This afternoon we begin with a walk through Myinkaba village where you’ll have the chance to see local craftsmen at their lacquer workshop. We carry on to Manuha Temple (constructed in 1059) and investigate the Nanbaya Temple, a distinctive sandstone shrine, which according to myth, was the bastion of King Manuha. Then it’s off to Bupaya Pagoda or Mingala Zedi Stupa to catch the sunset over the celebrated Ayeyarwaddy River.
Day 4: Fly to Mandalay. City tour.
We take a domestic flight to Mandalay, the second largest city of Myanmar, and begin with a visit to Mahamuni Pagoda. This pagoda houses one of the country’s most honored Buddha images, completely covered in gold leaves. We carry onto Kuthodaw Pagoda (where the 729 marble stone slabs of Buddhist scriptures are called the ‘World’s Biggest Book’). Then it’s off to Shwenandaw Monastery, before we reach summit of Mandalay Hill to catch the stunning sunset views.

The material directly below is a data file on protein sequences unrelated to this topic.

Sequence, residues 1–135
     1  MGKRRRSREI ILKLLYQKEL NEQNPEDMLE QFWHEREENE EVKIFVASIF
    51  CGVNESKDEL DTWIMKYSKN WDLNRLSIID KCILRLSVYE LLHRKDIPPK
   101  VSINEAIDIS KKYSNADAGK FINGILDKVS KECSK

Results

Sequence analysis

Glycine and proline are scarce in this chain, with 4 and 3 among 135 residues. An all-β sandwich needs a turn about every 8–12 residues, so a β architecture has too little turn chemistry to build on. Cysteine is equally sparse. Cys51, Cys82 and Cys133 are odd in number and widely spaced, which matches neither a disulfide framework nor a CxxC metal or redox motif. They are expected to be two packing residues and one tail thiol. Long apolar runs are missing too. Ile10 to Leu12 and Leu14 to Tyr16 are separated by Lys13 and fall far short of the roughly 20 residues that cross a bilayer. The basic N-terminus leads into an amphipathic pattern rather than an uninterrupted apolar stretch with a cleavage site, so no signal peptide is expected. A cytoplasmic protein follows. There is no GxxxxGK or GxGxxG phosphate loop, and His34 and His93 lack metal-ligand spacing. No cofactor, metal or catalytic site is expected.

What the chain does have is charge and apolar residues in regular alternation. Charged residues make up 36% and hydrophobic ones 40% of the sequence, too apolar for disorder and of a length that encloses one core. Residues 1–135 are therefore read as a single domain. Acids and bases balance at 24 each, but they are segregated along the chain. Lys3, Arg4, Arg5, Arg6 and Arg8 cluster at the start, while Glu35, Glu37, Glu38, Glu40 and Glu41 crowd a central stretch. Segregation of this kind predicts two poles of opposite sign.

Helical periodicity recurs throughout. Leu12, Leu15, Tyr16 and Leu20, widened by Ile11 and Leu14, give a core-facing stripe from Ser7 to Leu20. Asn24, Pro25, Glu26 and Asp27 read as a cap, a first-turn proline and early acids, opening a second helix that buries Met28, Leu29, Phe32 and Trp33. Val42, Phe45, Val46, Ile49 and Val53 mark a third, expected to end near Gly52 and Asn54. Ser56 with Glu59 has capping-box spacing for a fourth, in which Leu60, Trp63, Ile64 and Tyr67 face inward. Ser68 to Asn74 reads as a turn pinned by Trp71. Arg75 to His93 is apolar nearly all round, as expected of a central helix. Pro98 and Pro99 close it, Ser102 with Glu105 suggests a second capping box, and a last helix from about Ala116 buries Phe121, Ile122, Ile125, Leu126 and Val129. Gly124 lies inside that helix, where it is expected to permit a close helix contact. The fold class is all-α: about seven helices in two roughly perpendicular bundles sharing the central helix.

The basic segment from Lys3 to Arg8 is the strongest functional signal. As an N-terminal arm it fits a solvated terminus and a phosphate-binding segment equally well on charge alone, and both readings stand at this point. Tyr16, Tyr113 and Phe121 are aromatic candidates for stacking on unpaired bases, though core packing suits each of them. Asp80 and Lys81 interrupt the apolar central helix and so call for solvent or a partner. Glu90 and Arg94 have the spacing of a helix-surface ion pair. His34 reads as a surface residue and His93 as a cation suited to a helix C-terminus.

Day 5: Ancient capitals of Amarapura, Ava and Sagaing.
We begin with an expedition to investigate the previous capitals of Amarapura, Ava and Sagaing, starting at Amarapura’s Mahagandayon, home to more than a thousand monks, and a busy alms collection. Then it’s on to Ava which was the standing capital from the 14th through the 18th centuries. By horse and carriage, we visit Bagaya Monastery renowned for its extraordinarily elaborate woodcarvings and the Nanmyint Watch Tower - also called “the leaning tower of Ava“ – the remnants of the ancient palace, and Maha Aungmye Bonzan Monastery.
After lunch we cross the Irrawaddy River to Sagaing, with Sagaing Hill known as the spiritual hub of Myanmar and which claims residence to around 3,000 monks and nearly 100 meditation shrines. We stroll along the legendary U Bein Bridge which at 1.2 kms is said to be the longest teakwood bridge worldwide, before we return to Mandalay.
Day 6: Fly to Heho and onto Inle Lake. Phaung Daw U Pagoda.